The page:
How is the scientific method used in forensics?

It is used to test evidence, find out what occurred at the scene, and find who committed the crime.

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15

Physical evidence

Any material object found at the scene. Blood, weapon, fingerprints, etc.

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16

What is the difference in direct and indirect evidence?

Direct evidence is direct proof of a fact, while indirect evidence is circumstantial.

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17

What are the 4 basic search patterns used by investigators?

Spiral Grid Quadrant Linear

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18

Trace evidence

Small but measurable amounts of physical or biological material found at a crime scene.

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19

What is the difference between means, motive, and opportunity?

Means is the ability to commit the crime. Motive is a reason to commit the crime. Opportunity is the chance or availability of resources for the crime to be carried out.

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20

What is the difference between class evidence and individual evidence? How is each useful in forensics?

Class evidence only shares common characteristics, while individual evidence has a common origin.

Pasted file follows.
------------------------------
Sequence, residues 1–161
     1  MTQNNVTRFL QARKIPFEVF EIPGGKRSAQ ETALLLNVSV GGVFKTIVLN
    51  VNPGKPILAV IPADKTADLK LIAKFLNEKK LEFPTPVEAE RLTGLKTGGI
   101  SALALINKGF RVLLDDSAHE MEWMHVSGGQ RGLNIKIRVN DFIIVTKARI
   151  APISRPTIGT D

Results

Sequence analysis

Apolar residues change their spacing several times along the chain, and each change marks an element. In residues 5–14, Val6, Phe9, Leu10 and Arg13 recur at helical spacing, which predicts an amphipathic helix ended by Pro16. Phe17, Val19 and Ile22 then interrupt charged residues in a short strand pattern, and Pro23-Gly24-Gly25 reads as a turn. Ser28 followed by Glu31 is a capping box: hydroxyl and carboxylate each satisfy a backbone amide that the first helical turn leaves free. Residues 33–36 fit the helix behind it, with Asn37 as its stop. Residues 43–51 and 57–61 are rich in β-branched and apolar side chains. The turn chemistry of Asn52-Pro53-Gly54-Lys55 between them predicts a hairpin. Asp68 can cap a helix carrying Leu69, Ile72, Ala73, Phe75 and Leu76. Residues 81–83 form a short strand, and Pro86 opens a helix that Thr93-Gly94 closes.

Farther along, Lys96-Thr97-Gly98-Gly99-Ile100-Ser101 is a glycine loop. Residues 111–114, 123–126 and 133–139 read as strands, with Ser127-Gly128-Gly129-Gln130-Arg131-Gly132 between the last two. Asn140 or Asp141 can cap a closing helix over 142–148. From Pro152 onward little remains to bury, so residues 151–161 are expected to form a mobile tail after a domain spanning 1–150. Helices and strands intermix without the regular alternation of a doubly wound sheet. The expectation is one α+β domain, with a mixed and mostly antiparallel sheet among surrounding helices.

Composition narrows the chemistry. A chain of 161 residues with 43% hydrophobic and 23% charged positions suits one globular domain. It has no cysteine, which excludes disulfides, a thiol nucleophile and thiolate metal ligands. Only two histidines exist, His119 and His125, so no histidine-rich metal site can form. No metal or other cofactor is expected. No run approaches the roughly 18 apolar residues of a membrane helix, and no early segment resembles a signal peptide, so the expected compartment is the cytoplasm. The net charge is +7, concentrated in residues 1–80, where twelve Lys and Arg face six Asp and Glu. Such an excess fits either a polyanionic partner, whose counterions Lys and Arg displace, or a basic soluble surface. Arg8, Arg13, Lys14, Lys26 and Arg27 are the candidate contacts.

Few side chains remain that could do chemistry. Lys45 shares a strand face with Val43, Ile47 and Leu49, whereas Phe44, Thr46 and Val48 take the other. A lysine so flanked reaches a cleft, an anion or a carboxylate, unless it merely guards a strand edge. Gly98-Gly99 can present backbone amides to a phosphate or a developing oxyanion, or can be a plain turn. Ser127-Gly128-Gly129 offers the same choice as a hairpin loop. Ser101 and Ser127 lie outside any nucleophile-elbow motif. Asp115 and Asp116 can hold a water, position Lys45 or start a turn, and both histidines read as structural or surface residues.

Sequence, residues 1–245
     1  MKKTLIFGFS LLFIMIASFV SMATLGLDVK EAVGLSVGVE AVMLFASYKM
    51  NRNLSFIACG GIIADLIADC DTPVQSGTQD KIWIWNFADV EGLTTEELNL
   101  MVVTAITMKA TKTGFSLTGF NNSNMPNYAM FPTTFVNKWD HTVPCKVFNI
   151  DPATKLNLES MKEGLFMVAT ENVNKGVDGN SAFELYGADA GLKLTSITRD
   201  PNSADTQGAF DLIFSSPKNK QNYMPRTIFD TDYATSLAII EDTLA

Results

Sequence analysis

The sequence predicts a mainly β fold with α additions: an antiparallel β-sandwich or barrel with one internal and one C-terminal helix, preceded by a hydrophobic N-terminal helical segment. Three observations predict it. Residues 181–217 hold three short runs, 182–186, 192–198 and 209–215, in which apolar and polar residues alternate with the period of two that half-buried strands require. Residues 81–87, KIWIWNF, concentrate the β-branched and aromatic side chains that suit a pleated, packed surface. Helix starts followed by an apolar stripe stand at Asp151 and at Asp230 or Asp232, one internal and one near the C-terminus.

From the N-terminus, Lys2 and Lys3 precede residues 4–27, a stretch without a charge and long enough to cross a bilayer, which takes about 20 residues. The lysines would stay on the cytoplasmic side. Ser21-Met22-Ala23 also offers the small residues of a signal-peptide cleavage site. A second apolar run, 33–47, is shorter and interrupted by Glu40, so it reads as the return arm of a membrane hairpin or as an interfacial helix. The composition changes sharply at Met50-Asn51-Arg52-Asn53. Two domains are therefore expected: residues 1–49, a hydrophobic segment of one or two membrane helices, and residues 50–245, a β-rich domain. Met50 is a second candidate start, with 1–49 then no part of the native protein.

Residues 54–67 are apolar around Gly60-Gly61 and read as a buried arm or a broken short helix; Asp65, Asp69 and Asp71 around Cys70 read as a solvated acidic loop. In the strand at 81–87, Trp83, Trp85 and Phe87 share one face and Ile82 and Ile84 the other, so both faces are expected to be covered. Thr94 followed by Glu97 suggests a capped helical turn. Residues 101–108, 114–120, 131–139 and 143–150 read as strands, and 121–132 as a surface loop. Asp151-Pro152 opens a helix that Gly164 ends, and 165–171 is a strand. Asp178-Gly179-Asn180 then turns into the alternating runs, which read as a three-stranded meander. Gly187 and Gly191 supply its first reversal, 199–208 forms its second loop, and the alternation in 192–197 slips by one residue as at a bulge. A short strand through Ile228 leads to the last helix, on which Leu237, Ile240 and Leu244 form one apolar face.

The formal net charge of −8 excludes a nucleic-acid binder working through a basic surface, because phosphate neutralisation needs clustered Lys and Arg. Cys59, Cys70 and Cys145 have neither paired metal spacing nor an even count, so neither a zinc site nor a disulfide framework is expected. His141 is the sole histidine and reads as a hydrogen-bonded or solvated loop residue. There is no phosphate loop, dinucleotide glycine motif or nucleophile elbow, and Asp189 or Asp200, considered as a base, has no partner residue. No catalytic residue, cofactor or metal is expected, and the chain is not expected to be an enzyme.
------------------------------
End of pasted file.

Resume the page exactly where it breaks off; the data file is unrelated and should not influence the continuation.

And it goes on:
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21

What are the 4 ways evidence can be classified?

Demonstrative Real Testimonial Documentary

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22

Individualization

A finding that a particular print or marking was produced by a particular source. It allows scientists to see that evidence came from one particular source, separate from all other kinds on the planet.

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23

Frye V. United States

The jury decides if the evidence can be entered into the trial.

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24

Miranda V. Arizona

Created Miranda rights.

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25

Daubert V. Dow

The judge decides if the evidence can be entered into the trial.

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26

Mincey V. Arizona

A trial in which the verdict affirmed that search warrants must be obtained if there is reasonable time to obtain them.

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27

Dr. Henry Faulds contributed...

The use of fingerprint impressions.

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28

Mathieu Orfila contributed...

Chemical analysis.

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29

Alphonse Bertillon contributed...

Photography to document a crime scene.

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30

Sir Alec Jeffreys contributed...

Forensic DNA fingerprinting.

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31

Sir Francis Galton contributed...

Fingerprints are a reliable method of identification.

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32

What is the difference between an infraction, a misdemeanor, and a felony?

Infraction- Least serious crime; speeding, parking overtime Misdemeanor- Minor crime; shoplifting, trespassing Felony- Major crime; murder, rape